For more information on heel pain please refer to our website at carolinafootspecialists.net
Neuromas are a common diagnoses that we see in our practice. A neuroma is an inflammation of a nerve or nerves on the ball of the foot. Neuromas are typically found most commonly in women that wear high heel shoes and individuals who are active on their feet. Neuromas can causes sharp pain on the ball of the foot and burning and tingling that radiates into the toes. Neuromas are most commonly found in between the third and fourth toes and the 2nd and 3rd toes. Pain is usually relieved with taking your shoe off and rubbing your foot.
We employ many conservative treatments for neuromas. Conservative treatment consist of custom orthotic and pads to take pressure off the nerve, cortisone injections, antiinflammatory mediation, alcohol sclerosing agent, consultation of appropriate shoe gear/training modification and as a last resort surgical excision of the neuroma.
If you feel like you have any of the symptoms of a neuroma please contact our office.
For more information on Neuromas you can refer to our website at www.carolinafootspecialists.net
PRP (Platelet Rich Plasma)
A new state of the art treatment for chronic heel pain is PRP (Platelet Rich Plasma) injections. A small amount of blood from the patient, similar to giving blood for a routine test. The vial of blood is subjected to very high speeds in a machine called a centrifuge. A yellow material is obtained containing cells called platelets, that are very abundant with factors that aid in healing. These growth factors are believed to decrease the inflammation causing plantar fasciitis. The platelets from the patient's own blood is injected into the area of pain in the heel. Patients are then fitted for a removable walking boot, and will use crutches to prevent putting any weight on the heel for one week or less. After that, they advance to sneakers, and although the range of time for pain relief is variable, it can be appreciated as early as 10-14 days.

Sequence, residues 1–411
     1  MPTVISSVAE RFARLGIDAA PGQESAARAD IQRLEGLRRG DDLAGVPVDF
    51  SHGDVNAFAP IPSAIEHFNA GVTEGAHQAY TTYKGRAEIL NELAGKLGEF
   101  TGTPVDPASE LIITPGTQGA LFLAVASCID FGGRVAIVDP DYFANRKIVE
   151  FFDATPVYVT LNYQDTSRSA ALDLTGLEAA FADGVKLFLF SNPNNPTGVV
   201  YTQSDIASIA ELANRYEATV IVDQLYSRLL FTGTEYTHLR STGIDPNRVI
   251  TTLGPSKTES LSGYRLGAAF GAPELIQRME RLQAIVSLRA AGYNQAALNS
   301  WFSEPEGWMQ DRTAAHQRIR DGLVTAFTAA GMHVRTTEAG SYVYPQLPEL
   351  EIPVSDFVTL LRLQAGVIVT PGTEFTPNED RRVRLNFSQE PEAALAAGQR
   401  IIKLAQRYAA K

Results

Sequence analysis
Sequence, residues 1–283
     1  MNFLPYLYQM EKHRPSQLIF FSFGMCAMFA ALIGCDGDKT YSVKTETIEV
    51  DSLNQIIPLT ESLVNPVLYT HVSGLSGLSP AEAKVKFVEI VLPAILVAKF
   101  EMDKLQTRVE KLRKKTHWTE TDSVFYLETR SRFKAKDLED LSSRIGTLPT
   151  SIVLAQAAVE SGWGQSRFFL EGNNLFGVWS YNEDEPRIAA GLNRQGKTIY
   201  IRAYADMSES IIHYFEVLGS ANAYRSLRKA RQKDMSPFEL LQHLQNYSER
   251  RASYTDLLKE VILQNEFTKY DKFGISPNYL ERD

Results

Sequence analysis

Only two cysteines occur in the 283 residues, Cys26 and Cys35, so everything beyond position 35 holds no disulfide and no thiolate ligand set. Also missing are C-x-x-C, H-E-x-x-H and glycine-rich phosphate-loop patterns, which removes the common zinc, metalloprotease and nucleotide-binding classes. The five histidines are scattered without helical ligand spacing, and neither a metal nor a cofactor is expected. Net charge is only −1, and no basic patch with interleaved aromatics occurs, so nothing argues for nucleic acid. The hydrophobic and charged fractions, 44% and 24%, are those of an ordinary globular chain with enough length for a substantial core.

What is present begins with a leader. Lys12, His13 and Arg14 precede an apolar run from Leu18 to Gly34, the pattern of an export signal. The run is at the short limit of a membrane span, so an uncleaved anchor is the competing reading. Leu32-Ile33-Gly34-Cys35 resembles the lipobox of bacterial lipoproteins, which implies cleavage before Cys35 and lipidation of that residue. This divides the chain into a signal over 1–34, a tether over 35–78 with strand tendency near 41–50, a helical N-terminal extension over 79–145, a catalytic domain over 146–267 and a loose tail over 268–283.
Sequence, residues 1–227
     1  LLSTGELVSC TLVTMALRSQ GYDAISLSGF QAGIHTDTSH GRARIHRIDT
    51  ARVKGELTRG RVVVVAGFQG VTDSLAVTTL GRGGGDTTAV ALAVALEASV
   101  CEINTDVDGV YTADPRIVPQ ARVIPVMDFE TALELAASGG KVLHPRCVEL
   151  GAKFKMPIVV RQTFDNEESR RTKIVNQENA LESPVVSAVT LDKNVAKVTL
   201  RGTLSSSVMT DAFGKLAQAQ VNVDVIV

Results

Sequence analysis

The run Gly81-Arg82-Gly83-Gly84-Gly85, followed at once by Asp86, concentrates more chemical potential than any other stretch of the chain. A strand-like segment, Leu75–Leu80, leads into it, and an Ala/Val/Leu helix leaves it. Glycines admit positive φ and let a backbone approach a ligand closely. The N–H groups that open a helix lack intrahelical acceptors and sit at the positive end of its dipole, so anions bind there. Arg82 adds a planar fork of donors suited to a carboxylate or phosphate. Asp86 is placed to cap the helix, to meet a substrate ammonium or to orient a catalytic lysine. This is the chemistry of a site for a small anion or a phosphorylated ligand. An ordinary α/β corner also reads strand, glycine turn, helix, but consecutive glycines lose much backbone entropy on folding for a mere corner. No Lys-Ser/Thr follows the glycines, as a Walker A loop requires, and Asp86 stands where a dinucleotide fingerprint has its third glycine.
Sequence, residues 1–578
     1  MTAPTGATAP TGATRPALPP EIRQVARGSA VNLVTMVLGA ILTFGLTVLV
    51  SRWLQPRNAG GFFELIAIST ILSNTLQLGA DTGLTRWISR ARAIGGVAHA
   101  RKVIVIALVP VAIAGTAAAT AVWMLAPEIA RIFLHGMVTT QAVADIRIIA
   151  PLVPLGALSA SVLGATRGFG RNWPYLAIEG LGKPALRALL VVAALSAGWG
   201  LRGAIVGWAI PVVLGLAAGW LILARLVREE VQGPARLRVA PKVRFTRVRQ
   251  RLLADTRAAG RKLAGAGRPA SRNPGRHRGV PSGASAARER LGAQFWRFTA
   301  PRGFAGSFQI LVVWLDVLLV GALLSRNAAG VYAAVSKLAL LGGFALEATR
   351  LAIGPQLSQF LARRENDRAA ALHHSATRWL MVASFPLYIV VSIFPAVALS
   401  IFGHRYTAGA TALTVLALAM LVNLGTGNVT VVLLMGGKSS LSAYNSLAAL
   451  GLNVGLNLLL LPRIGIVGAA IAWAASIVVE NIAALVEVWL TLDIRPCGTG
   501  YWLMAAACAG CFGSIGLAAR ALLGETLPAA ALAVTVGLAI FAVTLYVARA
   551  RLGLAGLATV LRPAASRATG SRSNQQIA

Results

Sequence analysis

For more information please contact our office at carolinafootspecialists.net
NFL quarterback Tom Brady recently suffered a stress fracture of his foot in a playoff game.
Stress fractures are small, hairline breaks that can occur in the bones of the foot. Typically stress fractures can be caused by overtraining, improper training habits, improper shoe gear, flatfoot or other foot deformities, and even osteoporosis. Tom Brady's injury was more likely due to trauma from blunt force on his foot.
Pain, swelling, and possibly bruising can be signs of a stress fracture. The metatarsal bones are one of the most common locations of stress fractures of the foot. X-rays are used to diagnose stress fractures. Stress fractures may not be visible for 10 to 14 days on x-ray examination. Possible treatments include rest and possible immobilization of the foot ( with a cam walker walking boot/or below knee cast). In Tom Brady's case he may have a fracture that is not in a proper alignment or a fracture that is in a location that won't allow it to heal properly. His surgery will more likely involve screws and possibly a plate to stabilize the fracture. Fractures can take between 6-8 weeks to heal.